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‘Death warrant for Yemeni people’: Campaigners challenge legality of UK arms sales to Saudi Arabia

‘Death warrant for Yemeni people’: Campaigners challenge legality of UK arms sales to Saudi Arabia
Campaign Against Arms Trade (CAAT) is challenging the Tory government’s decision to continue granting military export licences for arms sold to Saudi Arabia, claiming it’s time “to stop putting profit before people’s lives.”

The court case brought by the anti-arms organisation at the Court of Appeal, Tuesday, is focused on the legality of arms sales to Saudi Arabia. It’s being backed by other groups, including Human Rights Watch, Oxfam and Amnesty International.

CAAT argues that the UK government has refused to halt military equipment sales to the Kingdom, “despite overwhelming evidence” that British-made jets and bombs are being used, in contravention of international humanitarian law, in the war in Yemen.

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More than 10,000 people have been killed since a Saudi-led coalition began its assault against Houthi rebels at the behest of the Yemeni government, according to CAAT. The group claims UK-made weapons have helped create an ongoing “humanitarian catastrophe.”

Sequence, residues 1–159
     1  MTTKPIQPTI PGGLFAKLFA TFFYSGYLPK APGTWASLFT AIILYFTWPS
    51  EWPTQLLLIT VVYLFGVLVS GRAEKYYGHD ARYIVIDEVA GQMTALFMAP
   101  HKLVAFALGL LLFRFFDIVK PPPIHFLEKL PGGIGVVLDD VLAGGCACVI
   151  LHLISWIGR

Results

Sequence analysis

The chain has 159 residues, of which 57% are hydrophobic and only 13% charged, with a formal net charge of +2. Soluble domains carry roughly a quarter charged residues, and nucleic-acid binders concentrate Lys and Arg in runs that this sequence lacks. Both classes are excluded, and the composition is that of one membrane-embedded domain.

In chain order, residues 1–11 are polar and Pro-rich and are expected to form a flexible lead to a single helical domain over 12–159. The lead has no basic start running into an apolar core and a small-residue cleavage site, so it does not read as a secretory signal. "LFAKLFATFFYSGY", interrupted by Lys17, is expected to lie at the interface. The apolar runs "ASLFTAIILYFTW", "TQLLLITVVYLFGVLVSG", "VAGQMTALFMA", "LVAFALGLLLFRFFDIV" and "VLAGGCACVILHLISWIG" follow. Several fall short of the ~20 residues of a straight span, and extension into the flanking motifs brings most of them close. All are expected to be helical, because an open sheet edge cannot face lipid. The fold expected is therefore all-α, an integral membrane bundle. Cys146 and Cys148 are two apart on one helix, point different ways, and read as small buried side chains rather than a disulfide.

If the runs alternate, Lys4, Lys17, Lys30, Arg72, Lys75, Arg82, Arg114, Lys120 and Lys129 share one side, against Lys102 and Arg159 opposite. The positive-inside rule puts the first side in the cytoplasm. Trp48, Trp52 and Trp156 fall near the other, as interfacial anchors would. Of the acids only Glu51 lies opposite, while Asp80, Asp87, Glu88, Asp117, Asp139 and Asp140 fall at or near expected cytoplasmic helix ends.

Lucy Claridge, the groups’ strategic litigation director, speaking outside the court, urged the government to take the necessary action to stop the devastation. She encouraged UK ministers to follow the lead being set by a number of countries across Europe who have stopped selling arms to Saudi Arabia.

Ministers are signing a death warrant for the people of Yemen.

The UK’s official line on the conflict in Yemen is to seek a “sustainable political solution.” However, in February, UK Foreign Secretary Jeremy Hunt pleaded with his German counterpart to drop Berlin’s ban on weapons exports to Saudi Arabia, fearing it would damage the bottom line of UK and European arms manufacturers.

Despite pressure from London and Paris to reconsider their temporary restriction, Berlin has responded by announcing an extension of its ban until at least October. The embargo was initially supposed to expire on March 9.

In December last year, it was reported that the death toll from the Yemen conflict had surpassed 60,000 people.

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